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Arrows A1 car-by-car histories

Jochen Mass in the Arrows A1B at the 1979 Belgian Grand Prix. Copyright Martin Lee  2017. Used with permission.

Jochen Mass in the Arrows A1B at the 1979 Belgian Grand Prix. Copyright Martin Lee 2017. Used with permission.

Designed and built in just 60 days after the FA1 was banned, the Arrows A1 kept Arrows going, but did not match the results of the earlier car. In 1979 and 1980, Rupert Keegan and Guy Edwards won rounds of the British F1 series in Charles Clowes' A1s.

After such a rush to ensure that Arrows could continue racing after the FA1 was banned, the team had no time to test the A1 before the Austrian GP, and results were disappointing. For 1979, a tidied and strengthened version of the A1 was produced to bide the team over until the A2 was introduced. Although the other teams had cars copying Lotus venturi ground effect, Riccardo Patrese was still able to qualify the "wing-car" A1 tenth at Long Beach, and new teammate Jochen Mass was eighth on the grid at Monaco. When the Arrows A2 was ready, three A1s were sold to Charles Clowes' team for the Aurora AFX British F1 Championship, where there were hardly any ground-effect cars available. Lead driver Rupert Keegan generally either won or crashed, and narrowly won the championship. Ricardo Zunino also won one race in Clowes' second car, and Guy Edwards won two British F1 races when he took over Keegan's car for 1980. Six car were built, all of which survive today.

Car
Total
Race
Starts
Grand
Prix
Starts
Grand
Prix
Wins
First Race
Present Location
2
2
Austrian Grand Prix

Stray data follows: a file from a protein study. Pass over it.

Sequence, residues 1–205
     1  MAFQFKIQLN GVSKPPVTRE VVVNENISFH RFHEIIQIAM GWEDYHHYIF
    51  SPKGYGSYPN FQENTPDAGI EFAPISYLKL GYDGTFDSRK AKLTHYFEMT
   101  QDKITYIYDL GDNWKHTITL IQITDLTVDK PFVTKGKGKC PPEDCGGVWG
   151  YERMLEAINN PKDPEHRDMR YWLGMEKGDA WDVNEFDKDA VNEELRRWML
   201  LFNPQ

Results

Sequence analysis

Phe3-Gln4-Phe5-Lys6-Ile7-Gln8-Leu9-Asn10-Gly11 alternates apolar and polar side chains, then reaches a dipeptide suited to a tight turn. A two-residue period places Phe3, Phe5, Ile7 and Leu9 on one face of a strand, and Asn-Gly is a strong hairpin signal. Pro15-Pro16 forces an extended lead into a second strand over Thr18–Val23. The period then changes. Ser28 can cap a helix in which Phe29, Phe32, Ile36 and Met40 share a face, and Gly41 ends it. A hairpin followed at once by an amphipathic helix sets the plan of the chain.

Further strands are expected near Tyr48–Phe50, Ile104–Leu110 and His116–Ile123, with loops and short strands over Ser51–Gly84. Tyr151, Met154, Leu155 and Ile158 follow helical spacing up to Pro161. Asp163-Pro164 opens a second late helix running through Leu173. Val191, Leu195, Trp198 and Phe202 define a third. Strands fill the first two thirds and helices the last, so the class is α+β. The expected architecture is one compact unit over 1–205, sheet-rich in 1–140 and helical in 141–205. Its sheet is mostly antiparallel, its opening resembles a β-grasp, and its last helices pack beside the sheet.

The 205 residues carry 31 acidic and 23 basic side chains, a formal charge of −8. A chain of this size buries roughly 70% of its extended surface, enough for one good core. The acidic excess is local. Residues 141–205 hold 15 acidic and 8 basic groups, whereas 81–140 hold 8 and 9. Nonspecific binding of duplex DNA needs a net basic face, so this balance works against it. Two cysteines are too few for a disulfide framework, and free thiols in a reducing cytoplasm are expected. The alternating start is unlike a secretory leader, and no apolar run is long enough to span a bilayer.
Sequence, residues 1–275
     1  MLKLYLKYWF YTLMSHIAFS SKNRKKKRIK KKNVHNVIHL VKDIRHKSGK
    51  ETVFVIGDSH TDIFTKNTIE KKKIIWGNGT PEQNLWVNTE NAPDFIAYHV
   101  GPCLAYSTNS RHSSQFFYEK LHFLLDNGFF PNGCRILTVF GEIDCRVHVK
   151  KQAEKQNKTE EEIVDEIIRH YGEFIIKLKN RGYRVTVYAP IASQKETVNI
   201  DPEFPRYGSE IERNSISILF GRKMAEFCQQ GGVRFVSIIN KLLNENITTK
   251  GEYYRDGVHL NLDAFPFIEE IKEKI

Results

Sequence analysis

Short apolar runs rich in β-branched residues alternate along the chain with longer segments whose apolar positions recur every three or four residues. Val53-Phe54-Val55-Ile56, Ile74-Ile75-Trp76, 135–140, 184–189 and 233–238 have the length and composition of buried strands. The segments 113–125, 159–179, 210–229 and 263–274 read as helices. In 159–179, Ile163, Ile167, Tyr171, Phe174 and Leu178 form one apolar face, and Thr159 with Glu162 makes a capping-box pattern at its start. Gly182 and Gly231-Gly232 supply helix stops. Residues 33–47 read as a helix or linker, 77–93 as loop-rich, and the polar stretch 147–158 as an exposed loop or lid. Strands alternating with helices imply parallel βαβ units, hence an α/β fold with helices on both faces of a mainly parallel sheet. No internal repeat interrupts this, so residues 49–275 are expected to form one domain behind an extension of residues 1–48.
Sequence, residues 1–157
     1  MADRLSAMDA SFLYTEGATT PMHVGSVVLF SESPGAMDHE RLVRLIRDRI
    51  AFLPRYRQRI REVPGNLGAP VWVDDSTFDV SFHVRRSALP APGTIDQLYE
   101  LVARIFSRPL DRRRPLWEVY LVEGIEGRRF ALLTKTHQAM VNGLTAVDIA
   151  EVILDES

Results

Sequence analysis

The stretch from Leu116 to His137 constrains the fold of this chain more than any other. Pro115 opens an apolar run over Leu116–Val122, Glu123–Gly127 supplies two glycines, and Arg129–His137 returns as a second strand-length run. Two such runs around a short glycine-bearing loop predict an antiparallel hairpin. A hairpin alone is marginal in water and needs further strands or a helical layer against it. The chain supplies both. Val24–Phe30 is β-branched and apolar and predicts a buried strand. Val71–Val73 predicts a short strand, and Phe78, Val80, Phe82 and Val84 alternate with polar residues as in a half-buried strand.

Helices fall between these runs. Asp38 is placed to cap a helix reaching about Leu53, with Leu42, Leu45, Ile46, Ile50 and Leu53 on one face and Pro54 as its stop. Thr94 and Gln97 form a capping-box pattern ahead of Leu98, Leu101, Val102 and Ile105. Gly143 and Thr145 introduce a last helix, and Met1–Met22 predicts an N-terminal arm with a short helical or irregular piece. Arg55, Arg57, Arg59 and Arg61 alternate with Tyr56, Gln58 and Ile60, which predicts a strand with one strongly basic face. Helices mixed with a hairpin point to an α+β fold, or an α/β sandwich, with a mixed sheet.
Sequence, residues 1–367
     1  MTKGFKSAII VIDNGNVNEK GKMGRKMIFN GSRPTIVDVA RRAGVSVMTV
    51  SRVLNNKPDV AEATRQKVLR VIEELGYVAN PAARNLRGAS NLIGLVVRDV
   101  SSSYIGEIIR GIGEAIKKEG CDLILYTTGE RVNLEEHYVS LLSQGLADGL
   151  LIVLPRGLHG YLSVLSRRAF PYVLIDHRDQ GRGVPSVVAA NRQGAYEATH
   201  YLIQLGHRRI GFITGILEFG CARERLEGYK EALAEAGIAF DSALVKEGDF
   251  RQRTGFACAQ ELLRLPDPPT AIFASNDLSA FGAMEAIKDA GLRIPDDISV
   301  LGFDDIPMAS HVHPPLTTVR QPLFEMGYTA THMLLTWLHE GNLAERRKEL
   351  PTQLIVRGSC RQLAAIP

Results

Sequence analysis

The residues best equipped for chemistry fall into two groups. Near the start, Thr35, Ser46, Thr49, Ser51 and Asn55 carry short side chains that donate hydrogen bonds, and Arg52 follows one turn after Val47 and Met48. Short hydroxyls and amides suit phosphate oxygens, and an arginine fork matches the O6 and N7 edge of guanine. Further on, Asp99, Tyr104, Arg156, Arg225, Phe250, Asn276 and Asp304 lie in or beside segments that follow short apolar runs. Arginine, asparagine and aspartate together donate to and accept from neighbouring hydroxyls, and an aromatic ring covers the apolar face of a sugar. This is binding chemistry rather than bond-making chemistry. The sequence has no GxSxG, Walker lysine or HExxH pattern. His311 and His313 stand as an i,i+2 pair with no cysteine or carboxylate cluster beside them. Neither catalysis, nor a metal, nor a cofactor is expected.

(13 Aug 1978)
Warsteiner Welt Museum (Germany) 2016
25
1
United States Grand Prix
(1 Oct 1978)
United States 2017
4
4
Italian Grand Prix
(10 Sep 1978)
Not disclosed
15
1
Brazilian Grand Prix
(4 Feb 1979)
Not disclosed
8
6
South African Grand Prix
(3 Mar 1979)
United Kingdom 2017
17
5
South African Grand Prix
(3 Mar 1979)
Australia 2017

The histories of the A1s are very confused, mainly because the team used three chassis plates, '78 1A', '78 2A' and '78 3A' which were swapped between the cars as required to match customs carnets.  For that reason, it is proving necessary to examine rivet patterns on all six cars to establish the exact racing record of each.  At the Brazilian GP in 1979, Patrese drove a car described as A1/05 rebuilt on the monocoque from A1/04.  That car was shown on a previous version of this page as being A1/05, but as A1/05 was rebuilt on its original monocoque for the next race, it is more consistent to follow the monocoque, and regard the Brazilian GP car as A1/04.  

Please contact Allen Brown (allen@oldracingcars.com) if you can add anything to our understanding of these cars.

These histories last updated on .